The details of President Donald Trump’s scheme to get the Justice Department to help him overturn the 2020 election have now been significantly filled out. That’s thanks to a new Senate report featuring long-awaited testimony from former acting attorney general Jeffrey Rosen and his deputy, Richard Donoghue. You can check out all of the major events we’ve painstakingly compiled in our timeline here.

But even as the brazen plot has increasingly been laid bare, some big questions about it remain.

The largest of which, for now, is just how much Jeffrey Clark coordinated with Trump and the White House.

Perhaps the most significant testimony we have yet to get is from Clark, the acting head of the DOJ’s civil division who emerged as a key player in pushing the department to echo Trump’s voter-fraud claims.

The overarching defense of Trump offered by the GOP on Thursday was this: Trump didn’t actually follow through on his plot. And in fact, the argument goes, he not only pulled back on firing Rosen and replacing him with Clark, but he even decided the Justice Department shouldn’t release a letter from Clark calling the election results in Georgia into question. That letter could have been used to push for Congress and Vice President Mike Pence to reject the election results in Georgia and other states and, theoretically (according to John Eastman’s memo), even reinstall him as president.

As we wrote Thursday, though, the reason Trump pulled back on replacing Rosen with Clark and releasing the letter was not so much that it was the wrong thing to do. Rather, it was apparently that the plot wouldn’t work — in large part because it would spur mass resignations.

“It’s going to be a disaster,” Trump conceded after being persuaded not to fire Rosen and release the letter, according to Donoghue’s testimony. “You’re not going to be able to get this stuff done anyway, and the bureaucracy will eat you alive. So we’re not going to do this.”

Given that’s apparently going to be the GOP defense, though, it’s worth knowing more about just how much this plot was coordinated with Trump and the White House. Trump might have ultimately decided against doing what it took to get that letter out, but the argument seems to imply this was Clark freelancing.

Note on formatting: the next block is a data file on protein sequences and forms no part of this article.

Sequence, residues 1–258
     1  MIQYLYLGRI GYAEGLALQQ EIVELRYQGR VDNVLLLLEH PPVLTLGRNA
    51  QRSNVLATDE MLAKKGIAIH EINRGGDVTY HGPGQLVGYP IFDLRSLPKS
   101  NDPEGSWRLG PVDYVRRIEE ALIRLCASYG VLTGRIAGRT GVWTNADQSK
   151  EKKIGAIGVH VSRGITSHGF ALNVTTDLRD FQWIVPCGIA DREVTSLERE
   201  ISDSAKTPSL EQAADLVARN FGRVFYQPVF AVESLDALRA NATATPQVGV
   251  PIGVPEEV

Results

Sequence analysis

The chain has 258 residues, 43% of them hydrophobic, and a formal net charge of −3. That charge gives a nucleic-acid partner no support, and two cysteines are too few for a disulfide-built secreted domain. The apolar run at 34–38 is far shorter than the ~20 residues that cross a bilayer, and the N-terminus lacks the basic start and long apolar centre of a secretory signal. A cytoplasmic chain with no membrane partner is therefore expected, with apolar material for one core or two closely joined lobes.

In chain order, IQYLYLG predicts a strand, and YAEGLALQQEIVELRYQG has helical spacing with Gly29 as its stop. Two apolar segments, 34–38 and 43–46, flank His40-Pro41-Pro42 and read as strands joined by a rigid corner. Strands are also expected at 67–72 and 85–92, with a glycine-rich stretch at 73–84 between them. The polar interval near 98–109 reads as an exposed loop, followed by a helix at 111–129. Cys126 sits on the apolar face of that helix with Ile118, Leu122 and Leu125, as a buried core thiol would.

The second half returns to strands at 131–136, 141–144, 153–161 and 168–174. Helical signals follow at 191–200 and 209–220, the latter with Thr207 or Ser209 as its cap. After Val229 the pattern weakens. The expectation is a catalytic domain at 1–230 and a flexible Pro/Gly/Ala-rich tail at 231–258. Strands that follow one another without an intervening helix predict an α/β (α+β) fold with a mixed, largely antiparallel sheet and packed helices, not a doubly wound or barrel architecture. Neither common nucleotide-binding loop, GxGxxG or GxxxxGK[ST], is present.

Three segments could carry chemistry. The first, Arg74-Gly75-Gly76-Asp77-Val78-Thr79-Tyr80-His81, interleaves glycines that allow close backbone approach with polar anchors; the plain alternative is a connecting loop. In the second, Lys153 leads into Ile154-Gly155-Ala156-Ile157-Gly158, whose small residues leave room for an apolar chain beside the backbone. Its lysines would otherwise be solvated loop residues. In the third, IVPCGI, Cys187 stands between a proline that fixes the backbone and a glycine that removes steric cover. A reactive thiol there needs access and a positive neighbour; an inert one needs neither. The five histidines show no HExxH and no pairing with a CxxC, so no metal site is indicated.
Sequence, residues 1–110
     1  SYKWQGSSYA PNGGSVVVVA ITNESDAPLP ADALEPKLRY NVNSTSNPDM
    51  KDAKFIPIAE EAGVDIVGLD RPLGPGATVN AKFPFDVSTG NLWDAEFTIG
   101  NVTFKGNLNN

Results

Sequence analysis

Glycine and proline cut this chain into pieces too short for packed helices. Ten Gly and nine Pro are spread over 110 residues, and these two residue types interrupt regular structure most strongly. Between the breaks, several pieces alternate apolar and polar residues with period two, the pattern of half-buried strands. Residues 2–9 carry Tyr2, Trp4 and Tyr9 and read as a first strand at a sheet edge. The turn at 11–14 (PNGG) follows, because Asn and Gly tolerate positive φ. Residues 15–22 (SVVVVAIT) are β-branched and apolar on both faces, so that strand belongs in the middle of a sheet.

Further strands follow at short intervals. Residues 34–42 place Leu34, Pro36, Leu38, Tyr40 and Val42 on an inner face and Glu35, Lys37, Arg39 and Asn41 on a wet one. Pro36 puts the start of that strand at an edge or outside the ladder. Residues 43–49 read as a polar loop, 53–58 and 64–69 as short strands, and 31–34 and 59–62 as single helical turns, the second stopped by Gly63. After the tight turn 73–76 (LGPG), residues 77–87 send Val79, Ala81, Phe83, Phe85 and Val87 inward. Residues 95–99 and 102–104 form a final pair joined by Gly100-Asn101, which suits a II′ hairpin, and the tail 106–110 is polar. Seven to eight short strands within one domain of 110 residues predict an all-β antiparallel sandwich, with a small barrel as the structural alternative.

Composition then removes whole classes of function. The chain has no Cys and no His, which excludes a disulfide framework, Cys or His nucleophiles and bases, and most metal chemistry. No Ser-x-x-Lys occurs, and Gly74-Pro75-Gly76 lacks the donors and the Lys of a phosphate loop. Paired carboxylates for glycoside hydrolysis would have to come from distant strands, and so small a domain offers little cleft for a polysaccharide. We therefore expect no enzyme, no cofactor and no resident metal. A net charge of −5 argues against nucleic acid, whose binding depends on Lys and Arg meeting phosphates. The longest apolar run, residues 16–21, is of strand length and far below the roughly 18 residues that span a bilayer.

The reality is that Clark and Trump spoke multiple times before this meeting — even as DOJ has a policy against this and he was told not to, and even shortly before he proposed the Georgia letter.

To recap, from the timeline:

  • Dec. 23 (approximately): Clark meets with Trump in the Oval Office.
  • Dec. 27: Trump suggestively floats replacing Rosen with Clark while meeting with Rosen and Donoghue. Also, Rep. Scott Perry (R-Pa.) calls and asks Donoghue to let Clark look into such claims in Pennsylvania.
  • Dec. 28: Clark emails Rosen and Donoghue about a draft letter he wants the Justice Department to send urging Georgia’s legislature to call a special session to address supposed election irregularities. Rosen and Donoghue reject the idea out of hand.
  • Dec. 31: Clark tells Rosen he has spoken with Trump again — and that Trump asked him if he would be interested in taking over as acting attorney general.
  • Jan. 1: White House Chief of Staff Mark Meadows asks Rosen to allow Clark to investigate supposed voting issues in Fulton County, Ga.
  • Jan. 2: Clark tells Rosen and Donoghue that Trump has offered him the job of acting attorney general, according to Donoghue’s testimony, but he says he might turn down Trump’s offer if Rosen agrees to send the Georgia letter, per Rosen’s testimony.

It’s about this point that both Rosen and Donoghue say they came to understand that the proposed replacement of Rosen with Clark and the Georgia letter were intertwined. (“They were sort of one and the same at that point,” Rosen testified.) And that makes complete sense. To make good on the plot to overturn the election results in Congress on Jan. 6, Trump needed something to legitimize his allegations. Those allegations had been consistently rebuked in court and debunked by fact-checkers, so getting an official DOJ letter to substantiate them would have been huge.

The fact that Clark apparently bargained with Rosen on the issue on Jan. 2 also reinforces that. Why would Clark give up the chance to become acting attorney general just to get a letter released? That’s a lot to give up — unless you’re trying to deliver something the president has made clear he really wants.

It’s certainly theoretically possible Clark was doing this because he actually thought there was significant fraud — despite all the evidence to the contrary — or because he simply thought it might be something Trump would like.

But did the letter not come up in his talks with Trump? It simply fit too neatly with what Trump was trying to do.

Unfortunately, Clark has yet to testify and is resisting it. But his version of events is vital. And to the extent Trump might have blessed the effort to push out the Georgia letter, it would certainly bolster the already well-proven fact that he went to great lengths to meddle in the Justice Department to overturn the election.

It’s also worth emphasizing that, despite the GOP’s defense saying Trump didn’t follow through, it looks like he kind of did. Clark informed Rosen on Jan. 3 that Trump was indeed installing him to replace Rosen that day, according to Rosen’s testimony, before Trump was ultimately talked out of it.

That sounds a lot like Trump taking concrete action to force the Justice Department to assist him politically in his efforts to retain the presidency. And it’s difficult to imagine Clark just made it up that Trump was installing him or got his signals crossed. It is more likely that Trump did indeed set this plan in motion before he reversed course.

And not because it was too brazen an effort to overturn an election, mind you, but because he became convinced Clark was “not going to be able to get this stuff done anyway.”